APRIL 16, 1930
THE future of the great government plant at Muscle Shoals is still undecided. The power interests, represented by the Alabama Power Company, have long been trying to get hold of it. So has the American Cyanamid Company, which has asserted, in order to gain farmer support, that it wants to use the plant chiefly to make fertilizer. In its previous session, Congress passed Senator Norris’ bill for government operation, but President Coolidge killed it by a pocket veto. The Senate has again passed the bill, but even if the House does the same, President Hoover will probably reject it, and if he does, it is not certain that it could be repassed over his veto. Meanwhile, we are beginning to get some of the history of the intrigue which has heretofore blocked it.
Recent testimony before the Senate Lobby Investigating Committee by a representative of the American Farm Bureau Federation, an organization of one million farmers over the country, revealed how the White House has been eating out of the hand of this farmers’ lobby in the matter of Muscle Shoals. The lobbyist, Chester H. Gray, admitted that he had influenced President Coolidge to stop the Department of Agriculture from writing a Muscle Shoals bill which he, Mr. Gray, did not like; that he had persuaded President Coolidge to assign his Secretary of Commerce, Mr. Herbert Hoover, to help Mr. gray in putting over a Muscle Shoals bill he did like. Furthermore, he actually dictated the paragraph on Muscle Shoals in one of President Coolidge’s messages to Congress. Strange that the big-business administration should have shown such respect for the desires of farmers? Ah! but Mr. Gray was pushing the Cyanamid bid for Muscle Shoals, by which the government turns over the people’s property to a private company promising to manufacture fertilizer for the farmer––and actually meaning to do nothing of the kind.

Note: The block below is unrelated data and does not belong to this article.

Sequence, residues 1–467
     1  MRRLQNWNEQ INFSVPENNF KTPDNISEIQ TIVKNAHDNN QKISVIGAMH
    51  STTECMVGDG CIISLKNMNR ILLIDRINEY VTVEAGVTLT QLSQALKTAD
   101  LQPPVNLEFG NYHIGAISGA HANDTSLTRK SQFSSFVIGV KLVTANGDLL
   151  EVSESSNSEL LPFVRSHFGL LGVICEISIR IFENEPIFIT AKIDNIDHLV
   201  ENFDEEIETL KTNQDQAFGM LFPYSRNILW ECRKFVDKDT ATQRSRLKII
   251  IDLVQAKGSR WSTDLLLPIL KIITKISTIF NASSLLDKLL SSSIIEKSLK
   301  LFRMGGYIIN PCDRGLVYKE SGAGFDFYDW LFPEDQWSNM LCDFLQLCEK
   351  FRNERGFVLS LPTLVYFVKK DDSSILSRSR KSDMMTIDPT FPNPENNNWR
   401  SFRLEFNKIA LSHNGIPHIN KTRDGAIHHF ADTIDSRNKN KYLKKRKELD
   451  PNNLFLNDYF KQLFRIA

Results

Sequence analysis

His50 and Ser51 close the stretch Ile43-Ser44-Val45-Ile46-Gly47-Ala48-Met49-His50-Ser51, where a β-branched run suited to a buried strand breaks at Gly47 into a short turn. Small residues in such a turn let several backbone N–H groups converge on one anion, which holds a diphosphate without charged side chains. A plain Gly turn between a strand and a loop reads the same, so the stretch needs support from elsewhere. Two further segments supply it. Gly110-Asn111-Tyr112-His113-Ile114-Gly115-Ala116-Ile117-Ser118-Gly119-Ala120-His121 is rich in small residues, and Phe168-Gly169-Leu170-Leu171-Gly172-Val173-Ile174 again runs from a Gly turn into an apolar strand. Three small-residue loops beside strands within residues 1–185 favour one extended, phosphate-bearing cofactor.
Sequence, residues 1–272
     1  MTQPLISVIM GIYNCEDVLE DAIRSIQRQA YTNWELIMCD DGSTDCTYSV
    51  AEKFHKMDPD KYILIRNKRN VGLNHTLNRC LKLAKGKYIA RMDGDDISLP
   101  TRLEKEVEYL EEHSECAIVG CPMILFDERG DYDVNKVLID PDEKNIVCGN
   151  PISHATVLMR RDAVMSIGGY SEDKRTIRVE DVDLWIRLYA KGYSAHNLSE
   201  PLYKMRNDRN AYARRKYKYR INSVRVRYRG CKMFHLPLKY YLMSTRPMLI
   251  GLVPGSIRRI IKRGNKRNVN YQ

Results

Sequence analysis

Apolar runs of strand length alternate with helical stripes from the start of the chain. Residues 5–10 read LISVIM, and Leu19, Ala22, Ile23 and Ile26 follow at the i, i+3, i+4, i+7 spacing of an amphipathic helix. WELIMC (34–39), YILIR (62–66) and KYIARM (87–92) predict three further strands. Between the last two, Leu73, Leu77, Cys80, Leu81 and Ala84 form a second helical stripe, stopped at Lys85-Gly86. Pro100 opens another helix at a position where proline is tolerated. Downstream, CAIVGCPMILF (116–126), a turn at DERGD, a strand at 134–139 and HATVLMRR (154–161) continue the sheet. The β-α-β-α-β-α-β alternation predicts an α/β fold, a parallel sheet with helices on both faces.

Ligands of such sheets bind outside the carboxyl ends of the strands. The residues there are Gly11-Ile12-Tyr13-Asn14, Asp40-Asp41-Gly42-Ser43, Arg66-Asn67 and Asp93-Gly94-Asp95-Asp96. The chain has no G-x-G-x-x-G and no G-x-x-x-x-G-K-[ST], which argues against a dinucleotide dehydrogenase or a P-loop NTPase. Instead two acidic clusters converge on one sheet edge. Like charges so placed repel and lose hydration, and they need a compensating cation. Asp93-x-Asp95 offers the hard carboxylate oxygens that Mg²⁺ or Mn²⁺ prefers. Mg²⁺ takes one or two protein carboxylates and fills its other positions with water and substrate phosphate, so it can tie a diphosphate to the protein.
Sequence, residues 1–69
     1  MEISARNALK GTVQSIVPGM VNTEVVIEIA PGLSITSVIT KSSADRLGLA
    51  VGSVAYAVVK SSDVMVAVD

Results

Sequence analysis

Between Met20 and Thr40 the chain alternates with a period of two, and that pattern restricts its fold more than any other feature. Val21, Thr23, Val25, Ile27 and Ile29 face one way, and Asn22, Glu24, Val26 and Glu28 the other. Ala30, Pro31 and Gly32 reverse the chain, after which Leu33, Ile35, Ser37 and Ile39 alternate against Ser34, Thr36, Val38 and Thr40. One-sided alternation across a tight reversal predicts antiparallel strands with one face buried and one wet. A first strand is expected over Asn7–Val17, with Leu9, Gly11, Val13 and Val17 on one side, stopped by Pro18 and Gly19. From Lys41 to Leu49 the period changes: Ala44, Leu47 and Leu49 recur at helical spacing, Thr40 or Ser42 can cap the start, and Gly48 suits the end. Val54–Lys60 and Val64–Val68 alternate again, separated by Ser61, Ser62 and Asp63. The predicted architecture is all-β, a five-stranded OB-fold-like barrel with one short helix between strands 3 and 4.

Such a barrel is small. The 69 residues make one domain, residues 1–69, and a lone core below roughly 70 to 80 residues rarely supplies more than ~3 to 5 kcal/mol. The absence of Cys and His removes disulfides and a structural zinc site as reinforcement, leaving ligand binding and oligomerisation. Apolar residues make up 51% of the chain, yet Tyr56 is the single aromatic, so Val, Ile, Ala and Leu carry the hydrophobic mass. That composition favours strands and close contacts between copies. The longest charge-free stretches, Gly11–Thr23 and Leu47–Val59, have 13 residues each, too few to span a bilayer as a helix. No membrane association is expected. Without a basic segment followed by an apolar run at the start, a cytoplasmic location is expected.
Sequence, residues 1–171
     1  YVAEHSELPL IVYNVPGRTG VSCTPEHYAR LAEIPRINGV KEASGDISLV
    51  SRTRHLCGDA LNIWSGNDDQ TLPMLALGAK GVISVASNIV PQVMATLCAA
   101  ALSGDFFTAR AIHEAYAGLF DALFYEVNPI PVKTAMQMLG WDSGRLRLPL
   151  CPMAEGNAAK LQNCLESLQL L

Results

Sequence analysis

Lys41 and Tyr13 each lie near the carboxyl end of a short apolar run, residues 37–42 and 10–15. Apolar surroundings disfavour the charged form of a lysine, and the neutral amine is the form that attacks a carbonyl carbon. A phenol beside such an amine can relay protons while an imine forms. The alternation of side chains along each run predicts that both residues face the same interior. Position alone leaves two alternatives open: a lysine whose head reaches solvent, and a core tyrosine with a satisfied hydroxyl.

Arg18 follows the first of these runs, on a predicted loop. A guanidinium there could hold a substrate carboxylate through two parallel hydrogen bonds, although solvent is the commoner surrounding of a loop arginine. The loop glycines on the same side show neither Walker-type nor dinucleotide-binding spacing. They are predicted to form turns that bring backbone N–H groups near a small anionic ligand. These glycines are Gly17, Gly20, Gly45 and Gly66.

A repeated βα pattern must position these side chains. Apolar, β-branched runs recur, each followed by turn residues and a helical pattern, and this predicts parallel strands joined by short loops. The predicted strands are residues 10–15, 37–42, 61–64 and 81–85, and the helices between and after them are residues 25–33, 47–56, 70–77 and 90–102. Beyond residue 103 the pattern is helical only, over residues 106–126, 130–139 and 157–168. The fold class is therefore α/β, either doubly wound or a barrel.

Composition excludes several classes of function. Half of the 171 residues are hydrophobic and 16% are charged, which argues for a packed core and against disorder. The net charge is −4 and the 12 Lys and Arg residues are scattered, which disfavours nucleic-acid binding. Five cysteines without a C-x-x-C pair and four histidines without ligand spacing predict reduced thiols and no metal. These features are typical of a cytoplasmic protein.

Aside from the argument of Senator Norris, who has gone over the situation with chemists, that the cyanamide process of manufacturing fertilizer is obsolete, newer methods having been devised, there is plenty of evidence that the American Cyanamid Company is not leasing Muscle Shoals to manufacture fertilizer. Why should it? When Henry Ford bargained for Muscle Shoals some years ago, the president of the American Cyanamid Company himself testified before the Committee on Military Affairs, before which the bill came up, that the value of this development was not in its fertilizer possibilities, but in its electric-power resources. The profits from the water power are so stupendous in comparison with the Cyanamid’s proposed profit on the fertilizer that it is absurd to suppose that so great a business concern as the Cyanamid Company would dedicate itself to such poor business.
Moreover, the recapture clause of the bid, which should provide for the government’s recovery of Muscle Shoals on the failure of the lessee to manufacture fertilizer, doesn’t guarantee that at all. Drawn up by that great legal mind, Charles Evans Hughes, the recapture clause consists of twenty-one lines of whereases, provisos and heretofores, which, translated into intelligible English, state that in fifteen years (not until then, mind you), if the lessee is converting all the power at Muscle Shoals into profits and none into fertilizer, a board may (not must) file a complaint with the Secretary of War; that the matter is then to be submitted to arbitrators, who are to hold hearings; that if the arbitrators agree with the board that the suspension of the manufacture of fertilizer is likely to be permanent––no, the lease isn’t canceled yet––the matter then is to be referred to the Secretary of War; that he is to refer it to Congress, which may acquit the company of the duty of making fertilizer; finally, in case Congress fails to act, the Secretary of War may acquit the company himself.
Senator Black, of Alabama, who is not a government-operation man, but has committed himself to getting fertilizer for the farmer out of the nitrates at Muscle Shoals, said of the Madden-Wright bill, in which the Cyanamid offer is incorporated, “The bill, as now written, in my judgment, would not cause enough operation of the nitrate plants to remove the crust from the wheels.”